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Those Peninsula COEs


kscarbel
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Peninsula Diesel was the truck division of Switson Industries, and named after the Niagara peninsula where the company’s Welland truck plant was located in Ontario, Canada.

Executives at Switson Industries, a long time vacuum cleaner manufacturer, had decided to diversify and felt Canada’s market for heavy trucks looked promising.

Peninsulas were assembled trucks with Cummins and Detroit engines, and Fuller transmissions. However some imported straight-8 Rolls Royce C8 diesel engines were also fitted.

Peninsula’s COEs utilized a pneumatic shifting system rather than a mechanical linkage, similar to a Mack N-model with a “Unishift” transmission, with pneumatic cylinders actuating the transmission shifters.

After several self-designed COE cab efforts, Peninsula later introduced a new model utilizing the Budd cab (purchased by Ford, Mack and FWD).

After trying unsuccessfully to establish a foothold in the truck market, Switson Industries closed its truckmaking unit after just two years. The company had been working on a large order for Cuba, but the Cuban missile crisis in 1962 brought a swift end to that deal.

Like so many Canadian truckmakers wanting to profit from Canada’s booming logging and mining sectors, the last Peninsula truck was a 50-60 ton off-highway dump truck.

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Switson Industries during their Peninsula era broadened their options by becoming the distributor for both Diamond T and France’s Berliet during the 1960-1961 period.

While profitable truck manufacturing is certainly no easy task, it’s odd that Peninsula also failed as truck distributors for both Diamond T and Berliet, given that Diamond T built a solid truck and Berliet’s severe service truck models should have at least found acceptance with French Canadian logging and mining customers. All of Peninsula’s Berliet truck inventory was shipped back to France by the end of 1961.

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Interesting cab design on the early cabovers.

You can see the "teardrop" window they squeezed in to accomodate the windshield rake.

"If it's all the sime to you... I'll droyve that tankah"   Max Rockatansky (The Road Warrior)

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  • 7 years later...
On 7/7/2013 at 10:24 PM, RFCDrum said:

Wow interesting. Didn't know Berliet was in Canada. I know Leyland was in Canada too at one time and ran Rolls Royce too I think.

Cheers, Rob

Yes, Leyland did have Canadian dealers - I am aware of only two models that they sold, the Beaver, the most popular model and the larger Hippo. All were diesel powered and had 24 volt electrical systems. I don't have that exact  information but the powerplant on the Beaver was an 11.1 cubic inch model and the early beavers were naturally aspirated and developed, I would suspect, about 160 or so horsepower. Yes, i did drive one on a local gravel haul in 1956.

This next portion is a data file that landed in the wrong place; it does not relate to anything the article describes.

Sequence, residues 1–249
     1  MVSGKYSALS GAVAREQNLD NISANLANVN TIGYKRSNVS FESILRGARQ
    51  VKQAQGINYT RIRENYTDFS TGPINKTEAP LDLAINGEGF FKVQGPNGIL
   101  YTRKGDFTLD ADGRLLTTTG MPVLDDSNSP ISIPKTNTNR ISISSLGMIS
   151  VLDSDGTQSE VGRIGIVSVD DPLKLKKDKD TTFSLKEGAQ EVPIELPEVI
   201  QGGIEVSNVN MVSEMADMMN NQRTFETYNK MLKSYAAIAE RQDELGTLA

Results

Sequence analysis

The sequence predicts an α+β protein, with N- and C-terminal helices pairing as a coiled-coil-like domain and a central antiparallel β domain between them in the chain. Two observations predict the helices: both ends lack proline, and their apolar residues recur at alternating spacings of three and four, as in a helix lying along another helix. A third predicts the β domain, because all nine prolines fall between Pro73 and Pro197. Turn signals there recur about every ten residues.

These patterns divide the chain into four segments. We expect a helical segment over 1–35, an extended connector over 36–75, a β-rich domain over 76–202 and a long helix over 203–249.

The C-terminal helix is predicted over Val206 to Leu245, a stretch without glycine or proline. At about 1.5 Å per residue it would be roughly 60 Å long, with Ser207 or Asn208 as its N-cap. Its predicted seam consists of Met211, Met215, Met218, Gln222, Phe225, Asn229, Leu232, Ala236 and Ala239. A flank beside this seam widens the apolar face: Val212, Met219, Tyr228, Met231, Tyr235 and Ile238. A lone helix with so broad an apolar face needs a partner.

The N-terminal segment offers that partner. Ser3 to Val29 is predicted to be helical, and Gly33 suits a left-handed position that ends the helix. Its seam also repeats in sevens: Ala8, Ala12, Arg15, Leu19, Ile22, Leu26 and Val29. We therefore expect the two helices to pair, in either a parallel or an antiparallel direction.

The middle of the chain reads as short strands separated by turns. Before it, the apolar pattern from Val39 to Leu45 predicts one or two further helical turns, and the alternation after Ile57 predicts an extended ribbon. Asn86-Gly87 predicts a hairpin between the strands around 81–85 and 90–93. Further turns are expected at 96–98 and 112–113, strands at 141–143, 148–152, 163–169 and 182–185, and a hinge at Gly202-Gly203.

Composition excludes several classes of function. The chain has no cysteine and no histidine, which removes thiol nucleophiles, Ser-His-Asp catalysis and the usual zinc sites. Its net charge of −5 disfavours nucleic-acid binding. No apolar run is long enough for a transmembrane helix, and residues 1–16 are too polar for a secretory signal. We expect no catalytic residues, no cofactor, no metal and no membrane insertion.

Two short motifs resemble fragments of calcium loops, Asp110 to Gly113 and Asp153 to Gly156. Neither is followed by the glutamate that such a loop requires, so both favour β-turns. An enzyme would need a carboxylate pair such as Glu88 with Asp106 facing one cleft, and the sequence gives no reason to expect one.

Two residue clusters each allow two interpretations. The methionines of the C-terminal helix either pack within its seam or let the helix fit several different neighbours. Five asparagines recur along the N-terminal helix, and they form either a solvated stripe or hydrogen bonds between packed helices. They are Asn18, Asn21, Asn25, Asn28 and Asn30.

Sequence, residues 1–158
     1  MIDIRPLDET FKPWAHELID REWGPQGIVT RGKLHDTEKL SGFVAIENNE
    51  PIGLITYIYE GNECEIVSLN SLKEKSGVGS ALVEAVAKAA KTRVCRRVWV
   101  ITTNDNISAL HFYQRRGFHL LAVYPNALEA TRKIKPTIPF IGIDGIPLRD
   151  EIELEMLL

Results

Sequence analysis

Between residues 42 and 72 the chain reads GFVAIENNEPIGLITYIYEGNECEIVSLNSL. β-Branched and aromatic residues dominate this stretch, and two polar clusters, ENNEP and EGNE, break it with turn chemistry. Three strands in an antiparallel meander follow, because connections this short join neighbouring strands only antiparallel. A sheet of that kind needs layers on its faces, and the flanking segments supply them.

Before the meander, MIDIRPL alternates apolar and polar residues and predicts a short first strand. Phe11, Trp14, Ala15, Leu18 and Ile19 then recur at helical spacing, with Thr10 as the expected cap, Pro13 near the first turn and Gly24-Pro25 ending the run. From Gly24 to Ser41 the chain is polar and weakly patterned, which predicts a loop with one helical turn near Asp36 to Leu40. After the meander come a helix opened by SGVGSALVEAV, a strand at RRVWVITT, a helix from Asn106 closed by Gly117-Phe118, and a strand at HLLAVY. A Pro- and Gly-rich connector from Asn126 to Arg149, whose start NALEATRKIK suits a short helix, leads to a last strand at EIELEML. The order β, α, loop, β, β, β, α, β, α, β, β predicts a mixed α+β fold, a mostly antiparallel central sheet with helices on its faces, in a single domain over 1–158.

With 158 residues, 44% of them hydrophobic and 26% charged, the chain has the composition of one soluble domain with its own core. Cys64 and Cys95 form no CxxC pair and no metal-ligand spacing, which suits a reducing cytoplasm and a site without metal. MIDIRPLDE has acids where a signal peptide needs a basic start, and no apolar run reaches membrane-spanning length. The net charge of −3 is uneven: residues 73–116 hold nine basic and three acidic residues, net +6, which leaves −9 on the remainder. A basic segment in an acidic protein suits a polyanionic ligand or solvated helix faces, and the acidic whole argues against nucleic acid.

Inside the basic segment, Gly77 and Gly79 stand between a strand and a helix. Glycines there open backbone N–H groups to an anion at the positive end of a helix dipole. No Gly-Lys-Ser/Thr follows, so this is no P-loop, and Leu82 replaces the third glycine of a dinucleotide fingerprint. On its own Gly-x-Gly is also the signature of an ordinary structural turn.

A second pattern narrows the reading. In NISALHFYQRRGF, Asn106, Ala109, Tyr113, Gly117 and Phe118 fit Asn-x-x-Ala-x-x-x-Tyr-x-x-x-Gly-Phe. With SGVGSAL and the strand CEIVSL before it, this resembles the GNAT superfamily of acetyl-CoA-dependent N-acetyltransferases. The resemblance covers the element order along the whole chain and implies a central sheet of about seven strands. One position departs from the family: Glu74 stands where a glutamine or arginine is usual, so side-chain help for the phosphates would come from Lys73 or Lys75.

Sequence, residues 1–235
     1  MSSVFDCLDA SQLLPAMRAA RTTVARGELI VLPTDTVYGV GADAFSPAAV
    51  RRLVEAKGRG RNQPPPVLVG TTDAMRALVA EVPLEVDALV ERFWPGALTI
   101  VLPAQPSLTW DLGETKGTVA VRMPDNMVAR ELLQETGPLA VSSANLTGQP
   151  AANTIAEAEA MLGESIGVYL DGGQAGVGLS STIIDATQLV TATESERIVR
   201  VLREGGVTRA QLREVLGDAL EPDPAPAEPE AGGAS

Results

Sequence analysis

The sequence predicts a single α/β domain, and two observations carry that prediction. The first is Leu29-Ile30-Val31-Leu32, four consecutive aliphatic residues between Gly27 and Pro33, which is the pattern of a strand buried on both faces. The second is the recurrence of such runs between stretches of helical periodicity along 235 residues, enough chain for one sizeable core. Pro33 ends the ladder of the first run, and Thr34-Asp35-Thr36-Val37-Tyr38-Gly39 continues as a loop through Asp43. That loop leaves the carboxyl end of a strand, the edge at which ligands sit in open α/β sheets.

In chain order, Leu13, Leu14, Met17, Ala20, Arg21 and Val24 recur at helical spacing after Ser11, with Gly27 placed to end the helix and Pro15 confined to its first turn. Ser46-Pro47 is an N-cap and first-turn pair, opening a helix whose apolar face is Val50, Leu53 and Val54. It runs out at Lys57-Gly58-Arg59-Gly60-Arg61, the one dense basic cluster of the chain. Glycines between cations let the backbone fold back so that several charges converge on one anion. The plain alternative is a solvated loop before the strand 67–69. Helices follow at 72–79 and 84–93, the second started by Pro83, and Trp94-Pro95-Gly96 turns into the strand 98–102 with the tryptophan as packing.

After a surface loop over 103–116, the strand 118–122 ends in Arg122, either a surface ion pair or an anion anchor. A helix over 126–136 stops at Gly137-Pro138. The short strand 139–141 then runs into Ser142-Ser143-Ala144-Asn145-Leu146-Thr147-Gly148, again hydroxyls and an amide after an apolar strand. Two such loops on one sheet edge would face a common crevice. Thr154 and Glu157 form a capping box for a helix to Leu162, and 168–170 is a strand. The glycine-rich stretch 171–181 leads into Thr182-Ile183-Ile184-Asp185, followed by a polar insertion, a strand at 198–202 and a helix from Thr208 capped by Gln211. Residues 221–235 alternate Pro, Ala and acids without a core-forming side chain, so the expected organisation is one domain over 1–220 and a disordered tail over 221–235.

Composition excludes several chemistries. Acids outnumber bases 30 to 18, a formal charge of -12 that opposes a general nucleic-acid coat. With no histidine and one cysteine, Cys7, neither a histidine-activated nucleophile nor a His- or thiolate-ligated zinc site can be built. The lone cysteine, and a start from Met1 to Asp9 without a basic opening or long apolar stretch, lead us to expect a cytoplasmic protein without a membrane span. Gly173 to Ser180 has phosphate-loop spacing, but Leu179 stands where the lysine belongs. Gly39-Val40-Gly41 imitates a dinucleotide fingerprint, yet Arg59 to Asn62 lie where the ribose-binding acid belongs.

Canadian Car in Fort William/Port Arthur (current day Thunder Bay, Ont.) converted  the Beavers into a more modern  truck called the Can-Car. It offered an IHC type cab and Leyland power plant.

Soo-Security Motorways of Winnipeg operated a small fleet of IHC trucks in the early 60's that were powered by Rolls-Royce engines. It was an unsuccessful experiment and all units were returned to the dealership.

Wayne B.

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On 12/12/2020 at 4:11 PM, Brampton Wayne said:

Yes, Leyland did have Canadian dealers - I am aware of only two models that they sold, the Beaver, the most popular model and the larger Hippo. All were diesel powered and had 24 volt electrical systems. I don't have that exact  information but the powerplant on the Beaver was an 11.1 cubic inch model and the early beavers were naturally aspirated and developed, I would suspect, about 160 or so horsepower. Yes, i did drive one on a local gravel haul in 1956.

Canadian Car in Fort William/Port Arthur (current day Thunder Bay, Ont.) converted  the Beavers into a more modern  truck called the Can-Car. It offered an IHC type cab and Leyland power plant.

Soo-Security Motorways of Winnipeg operated a small fleet of IHC trucks in the early 60's that were powered by Rolls-Royce engines. It was an unsuccessful experiment and all units were returned to the dealership.

Wayne B.

Old Bill had a great story on his website about his adventures driving a Leyland Hippo. That was the first I'd ever heard of them.

Producer of poorly photo-chopped pictures since 1999.

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